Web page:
The related art described above discloses foldable floor heating panels, grooves for heating devices, use of a metal sheet conductive layer, cemented mounting of tubes, and headers for tube transfer. However, the prior art fails to disclose the use of a plurality of elongated panels each foldable for stacking in an accordion style. Additionally, the prior art teaches floor heating systems which conduct hot water through a single series circuit of tubing. It fails, however, to teach a system with the capability to selectively conduct a range of circuit configurations including both series and parallel circuits. The present disclosure distinguishes over the prior art providing heretofore unknown advantages as described in the following summary.

BRIEF SUMMARY OF THE INVENTION

This disclosure teaches certain benefits in construction and use which give rise to the objectives described below.

Hydronic floor heating is a well-known technique of heating living and working spaces. However, as mentioned above, much of the prior art discloses heating panels which tend to be difficult to store and transport due to their size. This, in turn, can make storage, transportation, and installation rather expensive. The presently described apparatus provides a solution to this problem by enabling the heating panels to fold in a compact accordion fashion for storage and transport.

In addition, the prior art teaches heating systems which conducts hot water through tubing in a series circuit. This obviously leads to gradual cooling of the water as it travels through the tubing, thus creating a thermal gradient across the floor. The presently described apparatus provides a solution to this problem, creating faster and more uniform heat dispersal, by enabling the tubing to be run in both series and parallel circuits and with a circuit density as desired.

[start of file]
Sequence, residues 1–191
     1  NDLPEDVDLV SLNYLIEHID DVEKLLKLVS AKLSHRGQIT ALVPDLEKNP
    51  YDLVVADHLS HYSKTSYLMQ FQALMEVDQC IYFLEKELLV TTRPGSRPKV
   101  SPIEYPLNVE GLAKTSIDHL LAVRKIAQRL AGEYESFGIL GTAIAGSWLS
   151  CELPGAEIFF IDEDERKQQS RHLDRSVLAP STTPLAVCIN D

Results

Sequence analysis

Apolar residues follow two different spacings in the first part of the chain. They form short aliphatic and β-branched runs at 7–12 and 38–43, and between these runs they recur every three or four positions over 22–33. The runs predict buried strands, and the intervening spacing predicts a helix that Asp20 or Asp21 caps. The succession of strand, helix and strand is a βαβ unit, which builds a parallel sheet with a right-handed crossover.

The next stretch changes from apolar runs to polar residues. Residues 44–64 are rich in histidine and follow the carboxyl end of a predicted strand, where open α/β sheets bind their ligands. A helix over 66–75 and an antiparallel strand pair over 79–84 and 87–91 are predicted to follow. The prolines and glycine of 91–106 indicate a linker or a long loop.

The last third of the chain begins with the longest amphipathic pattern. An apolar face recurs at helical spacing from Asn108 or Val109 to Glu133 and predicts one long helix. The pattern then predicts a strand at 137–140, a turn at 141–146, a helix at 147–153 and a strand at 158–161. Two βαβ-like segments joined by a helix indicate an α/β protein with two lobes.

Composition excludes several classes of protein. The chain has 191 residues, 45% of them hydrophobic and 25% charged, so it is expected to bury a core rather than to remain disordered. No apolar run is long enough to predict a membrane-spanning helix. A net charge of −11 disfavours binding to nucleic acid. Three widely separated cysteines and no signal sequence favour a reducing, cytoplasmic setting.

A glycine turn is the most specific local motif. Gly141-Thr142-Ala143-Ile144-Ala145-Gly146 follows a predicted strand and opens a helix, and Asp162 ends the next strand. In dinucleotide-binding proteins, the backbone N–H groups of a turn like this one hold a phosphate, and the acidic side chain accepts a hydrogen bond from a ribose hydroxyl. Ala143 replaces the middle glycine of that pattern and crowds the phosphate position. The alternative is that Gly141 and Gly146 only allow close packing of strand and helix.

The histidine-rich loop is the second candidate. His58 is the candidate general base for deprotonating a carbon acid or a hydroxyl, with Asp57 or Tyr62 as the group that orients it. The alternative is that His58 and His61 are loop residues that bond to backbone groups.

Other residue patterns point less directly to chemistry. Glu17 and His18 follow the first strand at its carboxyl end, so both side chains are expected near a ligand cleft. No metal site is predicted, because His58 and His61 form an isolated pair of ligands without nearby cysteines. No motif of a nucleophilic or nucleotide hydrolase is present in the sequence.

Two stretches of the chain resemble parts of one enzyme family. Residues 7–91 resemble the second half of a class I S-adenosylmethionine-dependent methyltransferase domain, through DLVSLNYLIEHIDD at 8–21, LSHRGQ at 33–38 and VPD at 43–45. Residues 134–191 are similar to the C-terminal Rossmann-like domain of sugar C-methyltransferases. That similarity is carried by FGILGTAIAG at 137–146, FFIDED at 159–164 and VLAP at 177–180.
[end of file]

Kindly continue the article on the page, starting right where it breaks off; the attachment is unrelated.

The present invention uses flat foldable heating panels that are placed in adjacency and fastened over a supporting sub-floor. These heating panels receive conducting tubes for the transfer of heating fluids, and transition panels provide selective configuration of the fluid flow between panels. The heating panels are segmented for folding in a stacked arrangement for easy transport and installation.

A primary objective inherent in the above described apparatus and method of use is to provide advantages not taught by the prior art.

A further objective is to provide such a floor heating system that provides a choice of water flow path arrangements.

A still further objective is to provide a hydronic floor heating system that is easily transported.

A still further objective is to provide such a floor heating system that is compactly stored when not installed.

An even further objective is to provide such a floor heating system for which installation is relatively easy and inexpensive.